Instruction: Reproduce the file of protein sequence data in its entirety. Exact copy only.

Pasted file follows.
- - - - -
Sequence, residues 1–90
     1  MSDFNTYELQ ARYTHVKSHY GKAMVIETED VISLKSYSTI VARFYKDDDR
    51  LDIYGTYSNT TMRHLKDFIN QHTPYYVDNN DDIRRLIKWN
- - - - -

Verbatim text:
Sequence, residues 1–90
     1  MSDFNTYELQ ARYTHVKSHY GKAMVIETED VISLKSYSTI VARFYKDDDR
    51  LDIYGTYSNT TMRHLKDFIN QHTPYYVDNN DDIRRLIKWN